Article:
In some cases I'd agree the scans are fair use (in spirit if not in letter of the law), but you'll sometimes see entire publications (or large chunks way beyond fair use) scanned without permission and put online with a stamp of ownership by the offending website.

I believe that there should be a lot of slack in the non-commercial duplication of out-of-print works. Your friend's website is nifty. He's added value by making editorial choices and writing original commentary. If someone copies his original content they [the infringing website] should be taken down. But if you're going to take an information-should-be-free approach to images you did not create and did not get permission to use you shouldn't be re-branding them and whining if they end up on other places on the net.
posted by D.C. at 6:15 PM on December 2, 2006


Sorry, who's whining? The site owner, or you?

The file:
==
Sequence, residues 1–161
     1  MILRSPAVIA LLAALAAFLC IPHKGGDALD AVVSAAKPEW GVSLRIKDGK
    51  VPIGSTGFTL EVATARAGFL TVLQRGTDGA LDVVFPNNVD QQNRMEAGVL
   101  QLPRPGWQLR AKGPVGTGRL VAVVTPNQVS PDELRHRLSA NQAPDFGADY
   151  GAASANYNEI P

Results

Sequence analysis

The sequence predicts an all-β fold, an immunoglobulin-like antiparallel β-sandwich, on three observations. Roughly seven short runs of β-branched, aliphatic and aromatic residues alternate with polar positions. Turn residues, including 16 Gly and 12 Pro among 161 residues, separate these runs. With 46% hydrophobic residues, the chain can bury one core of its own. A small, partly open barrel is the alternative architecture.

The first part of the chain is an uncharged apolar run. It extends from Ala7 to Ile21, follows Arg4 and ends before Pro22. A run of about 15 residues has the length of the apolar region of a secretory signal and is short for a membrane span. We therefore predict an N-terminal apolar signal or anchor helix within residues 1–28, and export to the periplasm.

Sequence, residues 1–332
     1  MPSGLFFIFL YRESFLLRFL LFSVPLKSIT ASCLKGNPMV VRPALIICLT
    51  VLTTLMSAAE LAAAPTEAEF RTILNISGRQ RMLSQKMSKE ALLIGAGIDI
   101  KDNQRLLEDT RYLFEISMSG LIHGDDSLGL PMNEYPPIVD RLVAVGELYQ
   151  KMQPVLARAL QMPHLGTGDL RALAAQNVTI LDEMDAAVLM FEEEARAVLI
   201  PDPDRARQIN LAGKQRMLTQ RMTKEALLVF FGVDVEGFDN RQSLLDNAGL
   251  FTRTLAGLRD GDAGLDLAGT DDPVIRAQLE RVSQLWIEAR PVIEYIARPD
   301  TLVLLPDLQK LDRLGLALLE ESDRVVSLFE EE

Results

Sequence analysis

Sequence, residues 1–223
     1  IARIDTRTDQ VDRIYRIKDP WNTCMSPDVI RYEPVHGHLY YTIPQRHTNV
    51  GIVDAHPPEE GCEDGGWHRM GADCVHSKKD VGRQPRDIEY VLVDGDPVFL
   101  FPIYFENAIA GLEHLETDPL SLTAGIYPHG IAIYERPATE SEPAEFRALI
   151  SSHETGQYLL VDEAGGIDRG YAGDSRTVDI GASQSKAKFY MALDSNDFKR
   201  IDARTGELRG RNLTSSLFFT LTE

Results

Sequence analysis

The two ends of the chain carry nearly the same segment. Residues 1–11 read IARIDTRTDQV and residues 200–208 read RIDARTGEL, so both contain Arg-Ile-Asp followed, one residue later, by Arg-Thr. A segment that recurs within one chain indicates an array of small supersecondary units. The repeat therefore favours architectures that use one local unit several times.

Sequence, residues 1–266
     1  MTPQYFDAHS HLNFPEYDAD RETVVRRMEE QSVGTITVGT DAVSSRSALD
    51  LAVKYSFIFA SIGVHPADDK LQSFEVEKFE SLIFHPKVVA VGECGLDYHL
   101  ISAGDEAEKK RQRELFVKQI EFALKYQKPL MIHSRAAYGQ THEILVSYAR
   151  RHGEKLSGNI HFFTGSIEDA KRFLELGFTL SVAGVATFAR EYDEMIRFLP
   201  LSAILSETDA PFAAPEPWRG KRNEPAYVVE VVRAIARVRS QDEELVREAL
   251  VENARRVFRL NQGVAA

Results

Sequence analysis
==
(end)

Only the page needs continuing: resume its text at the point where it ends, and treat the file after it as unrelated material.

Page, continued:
posted by five fresh fish at 6:33 PM on December 2, 2006


As for the propriety of slapping watermarks on old shit you scan in and put up on your internet website, our own Jason Scott has made the definitive argument. He is the archivist, and I agree with him totally.
posted by blasdelf at 7:24 PM on December 2, 2006


As someone who doesn't give a shit whether scans of old magazine ads have a watermark, I think I can say this without bias: our own Jason Scott comes across as a complete asshole in his dealings with the kid who was doing the scanning.

You will attract more flies with honey than vinegar, Jason. I suggest that instead of being so abrasive right from the very start, as documented by yourself in blasdelf's link, you try rein in your youthful feistiness and treat people nicely when trying to change their mind about watermarking.
posted by five fresh fish at 8:50 PM on December 2, 2006


Like I said, if your position is such that you feel watermarking is wrong, then I'd suggest you put your money where your mouth is and take the time and energy to make your own non-watermarked site.
posted by MegoSteve at 9:09 PM on December 2, 2006


Excellent post
posted by MichaelWhyley at 12:24 PM on December 3, 2006


P.S. Don't watermark your scans.
posted by jscott at 1:47 AM on January 1, 2007